Facebook stunned the tech world this week when it announced that it was paying $16 billion up front along with $3 billion in vested payments to buy WhatsApp, the incredibly popular messaging app that has 450 million users. We’d already read reports suggesting that Google was willing to pay up to $10 billion for WhatsApp but now The Information’s Amir Efrati and Jessica Lessin report that Google was actually willing to beat Facebook’s offer for the company.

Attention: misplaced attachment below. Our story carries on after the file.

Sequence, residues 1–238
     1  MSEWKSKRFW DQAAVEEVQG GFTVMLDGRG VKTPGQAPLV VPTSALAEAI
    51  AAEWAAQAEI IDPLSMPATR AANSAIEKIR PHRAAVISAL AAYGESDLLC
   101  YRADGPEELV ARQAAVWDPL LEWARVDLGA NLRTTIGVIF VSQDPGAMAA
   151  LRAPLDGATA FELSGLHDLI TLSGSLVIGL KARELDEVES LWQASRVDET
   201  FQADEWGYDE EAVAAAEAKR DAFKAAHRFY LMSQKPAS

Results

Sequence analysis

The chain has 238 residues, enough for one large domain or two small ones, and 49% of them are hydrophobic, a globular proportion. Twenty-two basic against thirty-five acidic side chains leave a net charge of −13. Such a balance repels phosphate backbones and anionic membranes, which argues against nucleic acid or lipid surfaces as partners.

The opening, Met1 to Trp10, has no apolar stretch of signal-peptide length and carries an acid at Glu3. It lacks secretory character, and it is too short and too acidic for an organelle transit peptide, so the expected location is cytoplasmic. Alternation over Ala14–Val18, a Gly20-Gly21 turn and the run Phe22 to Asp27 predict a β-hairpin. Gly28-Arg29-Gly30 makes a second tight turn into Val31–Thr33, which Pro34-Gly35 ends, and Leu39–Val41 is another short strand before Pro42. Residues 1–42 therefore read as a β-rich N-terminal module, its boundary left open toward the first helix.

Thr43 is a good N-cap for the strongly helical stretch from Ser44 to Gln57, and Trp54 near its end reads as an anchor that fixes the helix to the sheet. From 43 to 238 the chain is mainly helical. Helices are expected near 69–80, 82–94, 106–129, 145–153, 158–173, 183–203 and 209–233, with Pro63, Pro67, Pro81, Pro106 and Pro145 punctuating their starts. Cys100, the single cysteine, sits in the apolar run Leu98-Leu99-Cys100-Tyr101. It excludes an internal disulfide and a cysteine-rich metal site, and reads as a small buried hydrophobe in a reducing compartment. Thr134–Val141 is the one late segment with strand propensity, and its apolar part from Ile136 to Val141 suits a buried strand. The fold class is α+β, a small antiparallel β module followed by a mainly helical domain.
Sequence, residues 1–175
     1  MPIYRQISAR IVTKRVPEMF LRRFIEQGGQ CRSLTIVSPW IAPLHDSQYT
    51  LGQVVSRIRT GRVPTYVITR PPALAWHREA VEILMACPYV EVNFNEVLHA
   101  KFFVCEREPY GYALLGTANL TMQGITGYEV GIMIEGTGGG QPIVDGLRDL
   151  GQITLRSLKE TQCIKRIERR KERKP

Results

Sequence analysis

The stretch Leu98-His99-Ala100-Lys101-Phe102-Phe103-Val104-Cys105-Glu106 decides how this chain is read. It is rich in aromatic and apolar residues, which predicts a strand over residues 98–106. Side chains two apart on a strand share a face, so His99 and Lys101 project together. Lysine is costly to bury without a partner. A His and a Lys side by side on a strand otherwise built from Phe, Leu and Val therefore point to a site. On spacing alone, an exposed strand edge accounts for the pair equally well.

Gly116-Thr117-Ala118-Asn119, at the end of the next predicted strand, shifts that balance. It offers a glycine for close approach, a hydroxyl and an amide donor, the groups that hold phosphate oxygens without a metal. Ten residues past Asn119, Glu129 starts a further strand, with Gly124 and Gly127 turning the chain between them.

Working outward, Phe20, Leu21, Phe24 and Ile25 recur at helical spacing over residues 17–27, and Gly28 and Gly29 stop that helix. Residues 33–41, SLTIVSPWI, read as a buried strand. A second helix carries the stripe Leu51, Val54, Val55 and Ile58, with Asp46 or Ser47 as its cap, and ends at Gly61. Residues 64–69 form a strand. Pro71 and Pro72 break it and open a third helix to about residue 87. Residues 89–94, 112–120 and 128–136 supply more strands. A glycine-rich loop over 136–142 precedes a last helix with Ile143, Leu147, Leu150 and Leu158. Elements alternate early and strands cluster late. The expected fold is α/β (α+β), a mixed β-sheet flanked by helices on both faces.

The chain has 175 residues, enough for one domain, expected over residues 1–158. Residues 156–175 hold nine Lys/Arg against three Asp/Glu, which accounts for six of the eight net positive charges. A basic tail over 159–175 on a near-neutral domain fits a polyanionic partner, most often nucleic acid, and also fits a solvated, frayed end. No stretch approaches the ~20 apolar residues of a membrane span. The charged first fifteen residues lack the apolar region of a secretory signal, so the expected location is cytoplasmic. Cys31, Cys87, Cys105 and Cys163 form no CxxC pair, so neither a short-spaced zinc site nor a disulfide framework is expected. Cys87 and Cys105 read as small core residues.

Last week, Google CEO Larry Page met with WhatsApp CEO Jan Koum in a last-ditch effort to prevent the rapidly growing messaging app from selling itself to Facebook, according to three people involved in the deal. The Google chief had learned that a few days before, Facebook CEO Mark Zuckerberg had made a pitch to Mr. Koum to join his company and his board of directors, a bold move Mr. Zuckerberg felt he had to make to preserve Facebook’s dominance in online communication in light of WhatsApp’s growing global popularity. Mr. Page’s message to Mr. Koum: Stay independent as you’ve always planned. You’re a big threat to Facebook. And joining Facebook would have a major impact on “how things play out for years to come,” according to one of the people involved in the talks.